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The Government Shutdown and The Extreme Importantance of Emergency Funds

  October 2

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Park RangerIf you’ve been reading my blog for a few years, you might know that I was a United States park ranger before I moved to Grenada. I was an interpretive ranger, which meant that I worked at numerous sites around Richmond, Virginia creating history programs and giving battlefield tours. It was really awesome.

I struggled so much with the decision to move to Grenada. I loved my job, and I loved my co-workers. It was really fulfilling, and sometimes I got free coffee when I wore my uniform into a gas station. 🙂

Back in 2011, I wrote a really quick post about how the government might shut down and how important it was to have some backup funds. At that time, we ended up being okay. Congress came to a resolution and prevented a shutdown, and work went on as usual.

As you probably know by now, they weren’t so lucky this time around, and I honestly feel so embarrassed for our country. National parks are open pretty much all of the time. I mean, we worked on Christmas Eve. They are meant to be there, open and available, as our nation’s greatest treasures. To me, when you’re looking at the enormously and awe-inspiring Lincoln memorial in D.C. and there are big barriers preventing people from going up to it, it makes everyone in congress look like a bunch of idiots (not like these WWII vets would have cared, since they busted through WWII monument barriers yesterday like ninjas.)

I know many, many more government workers are out of work right now at tons of different departments – hundreds of thousands of them in fact, so it’s not just the park service, but that’s what affects me the most. It just makes me really sad to see my friends, who are so devoted to preserving our nation’s history, have to go into work and sign papers agreeing not to be paid until all of this is over with. Furthermore, rangers are not paid high salaries at all. You would only agree to do that job if you really, truly couldn’t imagine yourself doing anything else, so it’s equally annoying that they aren’t being allowed to do it, even for two days.

I’m sure this nightmare will all be over soon, but more so than ever, I really and truly believe that the only way to make sure you  have consistent work, is to work for yourself. I didn’t always feel this way, but the only way I can personally guarantee that I won’t be fired, laid off, or forced to resign in the future is to completely rely on myself and growing my business. That’s exactly why I became self-employed, and why I’ve worked so hard to earn money online. I did everything from taking a blogging class, to spending money to upgrade my blog, and even contracting work so I could focus on growing my brand.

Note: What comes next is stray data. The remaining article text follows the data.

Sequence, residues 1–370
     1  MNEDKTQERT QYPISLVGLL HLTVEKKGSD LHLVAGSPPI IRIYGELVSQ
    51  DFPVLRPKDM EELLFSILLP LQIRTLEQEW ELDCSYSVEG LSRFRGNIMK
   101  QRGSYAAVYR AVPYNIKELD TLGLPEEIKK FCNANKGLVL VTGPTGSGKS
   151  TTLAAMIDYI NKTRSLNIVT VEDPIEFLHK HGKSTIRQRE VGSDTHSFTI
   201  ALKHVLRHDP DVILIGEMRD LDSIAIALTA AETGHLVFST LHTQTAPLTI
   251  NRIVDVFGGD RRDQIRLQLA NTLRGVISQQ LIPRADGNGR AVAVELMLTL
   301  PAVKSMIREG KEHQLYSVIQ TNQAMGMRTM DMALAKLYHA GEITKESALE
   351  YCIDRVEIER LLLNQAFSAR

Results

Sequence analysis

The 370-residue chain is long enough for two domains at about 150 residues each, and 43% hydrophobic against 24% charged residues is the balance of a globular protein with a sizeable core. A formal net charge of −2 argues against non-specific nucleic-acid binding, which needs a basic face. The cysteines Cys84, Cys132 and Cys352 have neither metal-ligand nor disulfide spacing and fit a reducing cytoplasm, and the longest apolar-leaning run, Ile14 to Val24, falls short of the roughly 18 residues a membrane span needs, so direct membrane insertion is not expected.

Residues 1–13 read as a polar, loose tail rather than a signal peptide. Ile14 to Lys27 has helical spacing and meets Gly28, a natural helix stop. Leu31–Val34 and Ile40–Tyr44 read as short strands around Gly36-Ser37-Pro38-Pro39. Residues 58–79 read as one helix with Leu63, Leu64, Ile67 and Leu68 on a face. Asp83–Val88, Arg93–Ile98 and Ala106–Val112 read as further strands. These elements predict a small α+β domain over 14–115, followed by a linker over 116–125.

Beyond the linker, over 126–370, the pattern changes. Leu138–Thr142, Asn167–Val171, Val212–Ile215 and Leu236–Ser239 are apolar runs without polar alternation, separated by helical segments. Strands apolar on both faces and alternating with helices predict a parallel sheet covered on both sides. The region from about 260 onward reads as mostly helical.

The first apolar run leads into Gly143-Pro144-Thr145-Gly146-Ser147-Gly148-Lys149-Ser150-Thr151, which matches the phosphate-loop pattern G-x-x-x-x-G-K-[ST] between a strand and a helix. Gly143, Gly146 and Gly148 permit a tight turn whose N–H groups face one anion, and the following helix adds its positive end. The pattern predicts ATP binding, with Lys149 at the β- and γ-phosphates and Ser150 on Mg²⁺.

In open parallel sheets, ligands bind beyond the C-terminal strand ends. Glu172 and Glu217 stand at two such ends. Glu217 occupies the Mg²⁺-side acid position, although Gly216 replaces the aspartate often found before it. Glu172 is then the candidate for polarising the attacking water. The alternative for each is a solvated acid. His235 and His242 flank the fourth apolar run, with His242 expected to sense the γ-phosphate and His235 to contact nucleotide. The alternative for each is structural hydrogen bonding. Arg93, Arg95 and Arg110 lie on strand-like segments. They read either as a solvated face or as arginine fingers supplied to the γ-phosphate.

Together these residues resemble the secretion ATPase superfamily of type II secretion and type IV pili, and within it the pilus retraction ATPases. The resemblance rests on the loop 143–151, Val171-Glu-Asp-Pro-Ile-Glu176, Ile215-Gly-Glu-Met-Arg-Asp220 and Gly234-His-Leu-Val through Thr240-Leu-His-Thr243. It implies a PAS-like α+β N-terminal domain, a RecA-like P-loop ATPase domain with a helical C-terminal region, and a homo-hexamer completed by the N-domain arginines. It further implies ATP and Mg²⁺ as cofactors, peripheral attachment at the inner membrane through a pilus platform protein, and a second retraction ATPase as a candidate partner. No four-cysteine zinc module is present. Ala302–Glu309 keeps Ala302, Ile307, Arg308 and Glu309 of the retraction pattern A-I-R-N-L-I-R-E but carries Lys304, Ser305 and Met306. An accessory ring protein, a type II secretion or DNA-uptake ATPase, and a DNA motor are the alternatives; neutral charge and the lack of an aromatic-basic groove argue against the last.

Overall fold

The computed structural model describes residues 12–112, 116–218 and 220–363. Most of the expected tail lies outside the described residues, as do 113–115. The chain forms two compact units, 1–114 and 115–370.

As always, I truly encourage everyone else to go ahead and build that emergency fund right now. It’s too important. Plus, it feels great to be able to sit down, pay your bills, and write a few checks without worrying about overdrafts and owing more money. Your family is too important. You are too important, so go ahead and start saving now! I feel like we’re still in very shaky economic times, and nothing is guaranteed, so do whatever you have to do to get a few months of your income saved away for a rainy day like the ones that are happening right now, today, for so many workers.

What do you think about this shutdown madness?

54 responses to “The Government Shutdown and The Extreme Importantance of Emergency Funds

  1. We both seemed to be inspired to write about emergency funds in the face of this shutdown 🙂 I was watching federal employees being interviewed on the news yesterday, worrying about paying basic expenses without their jobs, it was so sad. Back up plans are essential.

  2. Hopefully it won’t last longer than 1 month, which I doubt it will and there might be some back pay too for work not rendered. Could be a win win. Worst case, a 1 month vacay!

    1. That’s true, although at least the people I know who are affected are upset/worried about paying their bills and thus can’t really enjoy the idea of being on vacation. The last time it happened, they told us not to expect back pay (unless you were in the military) but hopefully it’s different this time. Definitely not an ideal situation!

  3. Great point here, Cat. It’s embarrassing that we find ourselves in this spot and I feel bad for everyone who is currently out of work, but the furlough wouldn’t be quite as bad if everyone had an emergency fund.

  4. I’ve only been briefly following being in Canada but like you said, madness. I dpnt know how they’re getting away with it. Singular minded rather thab thinking about the greater good of population total.

  5. Cat,you hit it ! Your last sentence says it all! Too much finger pointing,not enough solutions,so it’s really critical for all to have a fallback plan til our govt figures it out!

  6. You look so adorable in your park ranger uniform, Cat! 🙂 It is so sad that our politicians cannot do their job and work together. And it’s even worse that we – the people they should be serving – pay the price. I am a big proponent of emergency funds. I’ve seen how not having one can wreak so much havoc and from personal experience know how it can make a huge difference in times of crisis or change.

  7. Ya know, I am just astonished by the whole thing. I’m surprised that the government even has the power to just arbitrarily stop paying its workers because Congress can’t play nicely in the sandbox together. I heard something about them proposing a bill that would at least allow government employees to get paid in the meantime – un hello, yah I kinda think they owe it to their employees!

  8. Ugh, the whole shutdown pisses me off. It’s a failure of negotiation. Neither side has a proper view of their priorities, the first of which is to serve the public. A government shutdown is the antithesis of that priority.